10. Rule the World by Take That - what a sucky sucky whiny song

If you've made it through the list, you're tagged...add it to the comments, add it to your blog, whatever. And once I've handed in my final paper maybe I will coordinate some sort of downloadable mix like all the cool kids do so you can put little music bombs in your iPod...talk about Russian roulette.

Dirty little secret

I hate Neil Young. Seriously. Hate him. It's his voice, I think. It gives me a headache. But when I hear other people doing his music I realise that I'm not being fair. He's a talented one, that Neil.

Britishisms

Today I caught myself saying:

- PROH-cess
- SHHeh-dual
- fortnight
- Thursday next

Crickey. I've been here for three years and it's finally starting to rub off on me. I even called someone "missus," not as in Mrs. followed by a surname...just "missus". Would girly-girl or miss-thang be better? I'm so confused.

Taking a break

I am 1000 words into our MSI report. I have a total responsibility for 4000 of it, which isn't so bad. Of course, I have to write the literature review and methodology sections which are dull as dirt, so you'll have to excuse me if I am having difficulty paying attention. The 1000 I have written are in that section, which means I'm halfway through and then things start to get more interesting. Hooray.

It snowed last night. Like an inch. In true England style it was melted by the time I got up to go to work, but it never snows here in November so it feels like winter is upon us. Just to add a bit of festivity to my mood I've added some Christmas tunes to the iPod, so when Sleigh Ride starts playing or I hear Santa Baby I am reminded that I will be home in a month. This has been the shortest autumn on record. By next week you'll be getting Christmas memories and more pictures of me as a chubby kid. I mean, what are the holidays without eggnog lattes, mince pies and Mindy's pithy reflections?

In addition to finishing my coursework, I have additional pressures from school. First of all, I have a black tie ball on Saturday to celebrate the end of our MBA, and I need to find something fabulous to wear. I have two black tie standbys...one is a sexy lace cocktail dress and another is a lacy ballgown skirt with a beaded silk top. I was perfectly content with these options until the women on the course started comparing notes about what they are wearing and now I am compelled to buy something new. I have found a satin tulip skirt, an Anna Scholz lacy corset and a swishy little velvet jacket online, and if they fit (they arrive tomorrow) I may go for boho-chic black tie instead of my retro-sexy look...we'll see. Then there is the issue of shoes...I have some lovely black patent ones (two pairs, actually) that will do, but I have a burning desire for something beaded and pointy. And then I need to figure out what to do with my hair.....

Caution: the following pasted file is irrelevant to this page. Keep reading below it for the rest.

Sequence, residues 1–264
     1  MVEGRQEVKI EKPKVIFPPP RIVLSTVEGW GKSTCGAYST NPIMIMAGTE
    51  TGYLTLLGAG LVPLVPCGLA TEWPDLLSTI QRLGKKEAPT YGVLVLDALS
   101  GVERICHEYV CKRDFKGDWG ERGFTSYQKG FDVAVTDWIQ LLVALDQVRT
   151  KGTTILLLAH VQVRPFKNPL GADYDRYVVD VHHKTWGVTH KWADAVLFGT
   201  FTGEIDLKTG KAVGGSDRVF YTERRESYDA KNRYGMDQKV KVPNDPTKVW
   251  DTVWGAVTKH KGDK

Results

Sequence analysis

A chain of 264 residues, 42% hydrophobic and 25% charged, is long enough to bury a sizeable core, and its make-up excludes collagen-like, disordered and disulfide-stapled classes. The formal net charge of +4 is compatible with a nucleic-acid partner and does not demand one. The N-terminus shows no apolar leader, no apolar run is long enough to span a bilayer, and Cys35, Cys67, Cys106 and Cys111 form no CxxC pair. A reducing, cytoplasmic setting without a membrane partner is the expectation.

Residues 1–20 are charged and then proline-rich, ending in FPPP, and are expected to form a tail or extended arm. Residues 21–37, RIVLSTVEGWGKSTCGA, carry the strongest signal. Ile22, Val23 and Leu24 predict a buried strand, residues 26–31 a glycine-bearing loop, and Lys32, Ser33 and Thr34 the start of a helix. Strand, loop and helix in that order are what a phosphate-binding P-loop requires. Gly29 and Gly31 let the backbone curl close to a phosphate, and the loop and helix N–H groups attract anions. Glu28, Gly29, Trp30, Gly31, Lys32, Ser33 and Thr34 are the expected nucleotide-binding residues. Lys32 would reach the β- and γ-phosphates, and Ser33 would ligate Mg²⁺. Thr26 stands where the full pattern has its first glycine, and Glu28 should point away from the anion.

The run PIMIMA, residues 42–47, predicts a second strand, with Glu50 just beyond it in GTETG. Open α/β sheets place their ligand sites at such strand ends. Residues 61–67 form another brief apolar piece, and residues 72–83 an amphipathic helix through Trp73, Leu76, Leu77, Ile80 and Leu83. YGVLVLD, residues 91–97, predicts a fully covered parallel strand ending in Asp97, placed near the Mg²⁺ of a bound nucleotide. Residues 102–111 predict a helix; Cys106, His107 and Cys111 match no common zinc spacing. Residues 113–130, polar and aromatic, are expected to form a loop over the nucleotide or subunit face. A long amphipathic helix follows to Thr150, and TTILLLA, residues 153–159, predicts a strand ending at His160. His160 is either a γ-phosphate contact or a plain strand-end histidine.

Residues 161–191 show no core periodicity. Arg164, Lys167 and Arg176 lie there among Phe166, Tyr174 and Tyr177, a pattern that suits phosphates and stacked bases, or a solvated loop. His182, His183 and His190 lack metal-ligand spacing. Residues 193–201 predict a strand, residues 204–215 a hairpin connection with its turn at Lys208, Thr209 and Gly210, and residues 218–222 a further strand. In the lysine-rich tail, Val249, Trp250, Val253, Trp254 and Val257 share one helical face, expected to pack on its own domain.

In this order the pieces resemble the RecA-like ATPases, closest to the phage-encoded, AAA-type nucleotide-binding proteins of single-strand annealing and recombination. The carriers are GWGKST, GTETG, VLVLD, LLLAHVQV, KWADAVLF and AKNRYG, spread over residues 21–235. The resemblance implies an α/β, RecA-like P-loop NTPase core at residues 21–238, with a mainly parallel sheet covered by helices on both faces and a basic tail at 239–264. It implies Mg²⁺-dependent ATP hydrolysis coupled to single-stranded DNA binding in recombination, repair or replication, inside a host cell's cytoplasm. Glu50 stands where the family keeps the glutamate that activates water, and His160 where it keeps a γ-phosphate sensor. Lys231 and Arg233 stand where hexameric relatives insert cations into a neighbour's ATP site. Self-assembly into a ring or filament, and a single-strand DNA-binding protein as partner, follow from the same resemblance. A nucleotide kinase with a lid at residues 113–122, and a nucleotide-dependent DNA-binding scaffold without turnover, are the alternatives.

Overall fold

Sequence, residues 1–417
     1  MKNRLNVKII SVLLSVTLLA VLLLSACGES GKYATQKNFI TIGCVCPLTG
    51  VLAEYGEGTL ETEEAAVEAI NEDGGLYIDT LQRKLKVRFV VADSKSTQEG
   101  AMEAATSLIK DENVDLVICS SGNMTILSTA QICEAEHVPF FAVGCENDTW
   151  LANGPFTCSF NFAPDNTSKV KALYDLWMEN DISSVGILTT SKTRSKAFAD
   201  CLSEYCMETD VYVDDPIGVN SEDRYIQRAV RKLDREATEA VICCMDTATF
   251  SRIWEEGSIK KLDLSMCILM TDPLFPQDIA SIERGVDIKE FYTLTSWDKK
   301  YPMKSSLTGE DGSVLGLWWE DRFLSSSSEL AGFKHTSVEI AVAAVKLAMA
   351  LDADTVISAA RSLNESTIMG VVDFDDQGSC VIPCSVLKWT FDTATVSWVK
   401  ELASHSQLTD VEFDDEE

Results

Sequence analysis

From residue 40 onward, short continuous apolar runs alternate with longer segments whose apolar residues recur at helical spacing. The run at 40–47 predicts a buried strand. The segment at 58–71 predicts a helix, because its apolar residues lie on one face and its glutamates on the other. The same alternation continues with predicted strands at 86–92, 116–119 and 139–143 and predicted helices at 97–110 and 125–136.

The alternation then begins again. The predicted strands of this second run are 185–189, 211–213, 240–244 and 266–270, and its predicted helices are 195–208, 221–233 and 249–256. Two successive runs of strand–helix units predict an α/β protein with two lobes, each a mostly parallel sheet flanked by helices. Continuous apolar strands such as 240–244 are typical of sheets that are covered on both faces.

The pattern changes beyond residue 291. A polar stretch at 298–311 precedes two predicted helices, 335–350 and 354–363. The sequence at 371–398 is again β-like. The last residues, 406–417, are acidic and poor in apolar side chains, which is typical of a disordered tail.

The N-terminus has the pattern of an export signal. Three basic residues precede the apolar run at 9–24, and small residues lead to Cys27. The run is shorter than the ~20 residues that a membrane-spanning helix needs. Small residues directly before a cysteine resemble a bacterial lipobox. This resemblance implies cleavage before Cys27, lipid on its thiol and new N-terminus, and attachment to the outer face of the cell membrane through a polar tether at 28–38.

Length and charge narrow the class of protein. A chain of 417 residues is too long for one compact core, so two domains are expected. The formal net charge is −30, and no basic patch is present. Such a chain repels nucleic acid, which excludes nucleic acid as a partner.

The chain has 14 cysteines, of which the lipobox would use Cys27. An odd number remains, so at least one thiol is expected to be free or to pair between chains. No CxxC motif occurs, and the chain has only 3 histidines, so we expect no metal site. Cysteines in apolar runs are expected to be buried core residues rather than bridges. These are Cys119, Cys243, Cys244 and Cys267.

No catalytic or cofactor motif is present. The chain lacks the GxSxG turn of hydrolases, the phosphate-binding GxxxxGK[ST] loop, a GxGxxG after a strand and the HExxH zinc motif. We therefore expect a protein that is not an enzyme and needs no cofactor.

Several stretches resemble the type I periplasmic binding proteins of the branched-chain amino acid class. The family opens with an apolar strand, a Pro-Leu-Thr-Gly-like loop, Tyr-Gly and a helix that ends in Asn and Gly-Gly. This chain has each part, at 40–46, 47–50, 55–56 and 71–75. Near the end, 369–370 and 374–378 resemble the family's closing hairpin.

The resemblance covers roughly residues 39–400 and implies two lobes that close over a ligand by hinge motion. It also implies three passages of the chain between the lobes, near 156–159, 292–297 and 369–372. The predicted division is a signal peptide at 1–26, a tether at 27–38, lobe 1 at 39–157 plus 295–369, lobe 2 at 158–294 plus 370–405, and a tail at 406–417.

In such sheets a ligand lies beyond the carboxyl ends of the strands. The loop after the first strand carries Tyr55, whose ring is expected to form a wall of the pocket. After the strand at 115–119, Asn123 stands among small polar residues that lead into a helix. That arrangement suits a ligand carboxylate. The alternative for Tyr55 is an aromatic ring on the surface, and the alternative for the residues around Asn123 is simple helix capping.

Secondly, I was asked to give a keynote address at our final session on Saturday. I said yes without thinking, as I can usually throw something together that says what I want to say. (If you've had me in your wedding party you probably have me on video doing just that!) But a few people know I'm doing this and they've been talking about how this is really a big deal and that brits will expect laughter and tears and that there will be some sort of rebuttal and, well, now it seems like a big damn deal. So I feel like I need to spend a night on it now, which is one more night (possibly even two) more than I have to give and so I'm pissy now.

Okay. Back to the grindstone. Off to innovate. See you later.

Saturday, November 17, 2007

Guest blog - Mama Gin files

Dear Gentle Readers of Melinda June,

Min has generously offered to host this week's episode of "The Mama Gin Files." I was unable to post it on the front page of Coaster Punchman's World for fear of retribution by Poor George, who forbade me from publishing the video. However, since the trials and tribulations of living with Mama Gin is my story too I feel altogether entitled --- at least as long as I don't get caught.

Click here to experience Poor George trying to practice his bass clarinet in the face of Mama Gin's daily dose of harassment.

Google Video has been acting really weird lately, so it may take several clicks on the "play" button before you actually get to see the video. (It might tell you it's "unavailable" a bunch of times - something Google is trying to iron out.)

And if you aren't amused by crazy Chinese ladies harassing their gay sons, there are also some cute cats in the video. Maybe that will make up for it.

Enjoy.
CP

Wednesday, November 14, 2007

Oh well

After your resounding advice, I consented to having a drink. He beamed. He told me I looked lovely, and he paid. I'm still just not that interested. Sadly, I'd like to be the sort who has a handsome younger man on my arm, but this is not the one. I find him dull.

Dull is not sexy. Oh well.

Monday, November 12, 2007

Trophy boyfriend option

I'm 41. I'm a few weeks shy of having an MBA and a few months shy of a fancy new job. I'm smart, I'm arty, and I read a lot. And now I have a new admirer and he's 26 and he's handsome but not that bright and his major interests (aside from me) are the footie and beer (in quantity).

I've always preferred my men smart, even geeky. They have wicked senses of humour and know lots of things about lots of things and they read books and see movies that don't necessarily have Bruce Willis or Mel Gibson in them and can occasionally play all seven tiles in a game of Scrabble.

But those aren't the ones admiring me. Little British Jethro is. Those guys are married or seem to be looking for someone that's decidedly not me. LBJ blushes when he talks to me and thinks I'm fascinating.

If I were a guy, I would mercilessly ridicule me. But I could do with a night out and a little attention.

What's a girl to do?

Sunday, November 11, 2007

I can has cheezburger